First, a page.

Ann LaBar
Writer and Poet

Staking His Claim

Forty Mile City, Yukon River, Canada

August 1896

 

Yes, she was clumsy, but this, she thought as she tumbled over the rope railing of The Arctic, a stern-wheeler, this was not her fault.

She hadn’t seen it coming, racing toward her across the wooden deck.  Impossibly large and brown, it leapt, all paws and tongue, and sent her careening over the edge.

Undone by Edith’s Great Dane.

Again.

She opened her mouth to scream but hit the water before she uttered a sound.  Her skirts dragged her down into the frigid, silt-clouded water; the current’s strong arms wrapped tightly around her.

The turbulent water took hold of her skirts, tangling them in her arms and legs . Unable to swim, panic roared through her. She was wild and desperate, an animal caught in a trap. She thrashed, arms and legs churning, fighting to swim skyward.

With a great push, she broke the water’s surface, only to have it rise to cover her mouth as she gasped for air. She bobbed, lifting her face above the water, able to steal a breath before sliding beneath the surface once more. Once, twice, three times she was able to lift her head above the water before the river quickened and then her struggle was too weak to matter.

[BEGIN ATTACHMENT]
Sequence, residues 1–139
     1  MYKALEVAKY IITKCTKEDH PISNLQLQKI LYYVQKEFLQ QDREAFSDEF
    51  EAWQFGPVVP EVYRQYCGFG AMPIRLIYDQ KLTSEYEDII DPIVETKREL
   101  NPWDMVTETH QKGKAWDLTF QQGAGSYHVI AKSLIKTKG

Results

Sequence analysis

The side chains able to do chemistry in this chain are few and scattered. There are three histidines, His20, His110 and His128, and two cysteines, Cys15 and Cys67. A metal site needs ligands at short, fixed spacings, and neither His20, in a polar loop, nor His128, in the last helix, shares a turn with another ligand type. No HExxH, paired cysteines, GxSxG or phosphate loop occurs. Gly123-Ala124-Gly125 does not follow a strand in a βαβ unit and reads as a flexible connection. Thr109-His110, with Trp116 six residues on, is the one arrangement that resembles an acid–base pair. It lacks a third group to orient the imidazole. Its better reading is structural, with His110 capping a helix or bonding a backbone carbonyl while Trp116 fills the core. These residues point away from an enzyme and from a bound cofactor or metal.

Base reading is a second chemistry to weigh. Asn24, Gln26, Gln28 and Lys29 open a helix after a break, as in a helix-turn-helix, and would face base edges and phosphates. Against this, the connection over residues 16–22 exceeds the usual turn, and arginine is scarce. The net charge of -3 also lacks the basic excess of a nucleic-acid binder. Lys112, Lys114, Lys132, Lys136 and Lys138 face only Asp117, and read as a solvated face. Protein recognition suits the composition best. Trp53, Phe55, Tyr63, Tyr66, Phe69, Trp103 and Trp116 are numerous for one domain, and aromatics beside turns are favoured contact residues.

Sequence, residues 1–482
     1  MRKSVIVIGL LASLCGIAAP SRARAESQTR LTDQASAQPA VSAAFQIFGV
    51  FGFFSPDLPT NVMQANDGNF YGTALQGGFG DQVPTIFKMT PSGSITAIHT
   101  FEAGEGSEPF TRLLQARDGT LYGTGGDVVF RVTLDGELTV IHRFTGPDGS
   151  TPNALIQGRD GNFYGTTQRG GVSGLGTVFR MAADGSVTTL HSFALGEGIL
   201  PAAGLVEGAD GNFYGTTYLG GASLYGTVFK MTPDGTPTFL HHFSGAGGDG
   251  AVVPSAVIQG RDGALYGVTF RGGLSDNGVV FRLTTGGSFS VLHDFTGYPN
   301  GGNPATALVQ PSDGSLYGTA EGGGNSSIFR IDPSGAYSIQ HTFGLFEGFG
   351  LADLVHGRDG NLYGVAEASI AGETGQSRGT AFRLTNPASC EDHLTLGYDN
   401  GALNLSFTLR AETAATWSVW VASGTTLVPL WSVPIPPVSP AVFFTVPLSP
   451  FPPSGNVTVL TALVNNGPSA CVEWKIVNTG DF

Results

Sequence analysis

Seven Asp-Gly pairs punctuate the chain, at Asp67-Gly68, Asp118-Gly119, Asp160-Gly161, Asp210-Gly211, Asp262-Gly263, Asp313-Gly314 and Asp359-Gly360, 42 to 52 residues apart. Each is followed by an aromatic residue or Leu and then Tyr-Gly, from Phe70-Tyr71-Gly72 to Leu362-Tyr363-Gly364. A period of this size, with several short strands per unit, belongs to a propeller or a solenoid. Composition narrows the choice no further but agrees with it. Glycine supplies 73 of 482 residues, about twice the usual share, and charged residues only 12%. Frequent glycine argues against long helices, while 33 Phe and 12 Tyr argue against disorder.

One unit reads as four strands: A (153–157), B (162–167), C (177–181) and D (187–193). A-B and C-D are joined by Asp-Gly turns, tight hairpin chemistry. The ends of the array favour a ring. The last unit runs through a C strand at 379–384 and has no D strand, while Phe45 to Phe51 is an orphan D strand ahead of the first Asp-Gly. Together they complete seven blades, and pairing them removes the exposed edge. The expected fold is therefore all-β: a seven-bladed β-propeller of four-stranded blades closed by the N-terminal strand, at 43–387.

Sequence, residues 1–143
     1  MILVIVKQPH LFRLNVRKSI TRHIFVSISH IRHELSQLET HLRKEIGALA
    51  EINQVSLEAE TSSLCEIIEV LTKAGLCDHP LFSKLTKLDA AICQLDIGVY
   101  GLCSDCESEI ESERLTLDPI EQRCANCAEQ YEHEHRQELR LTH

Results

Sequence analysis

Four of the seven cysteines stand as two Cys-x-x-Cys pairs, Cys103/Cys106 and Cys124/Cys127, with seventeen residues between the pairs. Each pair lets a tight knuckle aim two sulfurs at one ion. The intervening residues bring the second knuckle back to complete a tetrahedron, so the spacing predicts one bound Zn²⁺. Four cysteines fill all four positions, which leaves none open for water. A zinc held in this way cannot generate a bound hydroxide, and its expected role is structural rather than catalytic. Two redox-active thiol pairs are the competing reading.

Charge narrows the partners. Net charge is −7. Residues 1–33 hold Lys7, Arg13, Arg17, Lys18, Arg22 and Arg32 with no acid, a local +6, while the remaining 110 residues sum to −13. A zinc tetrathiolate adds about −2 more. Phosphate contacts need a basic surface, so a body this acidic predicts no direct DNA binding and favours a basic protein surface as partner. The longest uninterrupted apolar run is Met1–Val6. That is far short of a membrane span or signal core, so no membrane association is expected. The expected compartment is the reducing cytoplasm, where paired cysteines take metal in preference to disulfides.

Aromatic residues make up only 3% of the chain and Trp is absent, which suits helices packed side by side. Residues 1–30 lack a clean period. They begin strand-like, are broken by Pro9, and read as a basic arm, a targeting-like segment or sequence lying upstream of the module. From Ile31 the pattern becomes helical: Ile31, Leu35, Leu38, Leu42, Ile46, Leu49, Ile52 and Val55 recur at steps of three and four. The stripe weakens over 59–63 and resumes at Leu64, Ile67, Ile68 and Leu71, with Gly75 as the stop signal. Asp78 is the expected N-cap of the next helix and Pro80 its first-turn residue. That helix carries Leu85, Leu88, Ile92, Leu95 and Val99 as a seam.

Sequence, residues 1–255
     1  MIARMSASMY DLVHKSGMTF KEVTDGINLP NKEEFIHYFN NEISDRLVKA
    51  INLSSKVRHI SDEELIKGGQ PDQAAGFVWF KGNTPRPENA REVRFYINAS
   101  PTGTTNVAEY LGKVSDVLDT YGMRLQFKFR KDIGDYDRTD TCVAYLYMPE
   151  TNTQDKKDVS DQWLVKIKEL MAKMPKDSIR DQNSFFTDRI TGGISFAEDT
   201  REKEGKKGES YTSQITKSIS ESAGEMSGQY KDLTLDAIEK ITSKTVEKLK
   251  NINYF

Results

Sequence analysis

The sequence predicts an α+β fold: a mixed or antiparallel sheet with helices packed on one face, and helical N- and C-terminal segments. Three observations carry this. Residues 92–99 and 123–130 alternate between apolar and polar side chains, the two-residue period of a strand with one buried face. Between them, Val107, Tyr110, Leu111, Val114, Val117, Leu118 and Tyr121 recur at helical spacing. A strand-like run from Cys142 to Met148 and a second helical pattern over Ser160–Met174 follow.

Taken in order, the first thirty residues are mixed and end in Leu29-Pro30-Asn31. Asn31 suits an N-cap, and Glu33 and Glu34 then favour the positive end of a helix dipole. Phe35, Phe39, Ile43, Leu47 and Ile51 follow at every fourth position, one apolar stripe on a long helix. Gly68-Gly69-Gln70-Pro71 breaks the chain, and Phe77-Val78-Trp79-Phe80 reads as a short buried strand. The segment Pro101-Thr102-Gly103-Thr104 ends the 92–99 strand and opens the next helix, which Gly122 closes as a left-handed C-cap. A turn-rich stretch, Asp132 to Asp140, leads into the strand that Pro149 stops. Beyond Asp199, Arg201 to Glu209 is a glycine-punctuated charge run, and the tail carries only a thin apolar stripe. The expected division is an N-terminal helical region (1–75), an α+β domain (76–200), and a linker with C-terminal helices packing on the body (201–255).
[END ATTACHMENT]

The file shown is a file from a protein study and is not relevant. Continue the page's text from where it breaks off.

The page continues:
Numb and exhausted, her thoughts returned with utter clarity. 

This is death. She’d survived the long journey north only to die before she found her father. Just as her heart and lungs strained, threatened to burst, the bright ripples of sun on the surface of the water, moved further away and the world went black.

 

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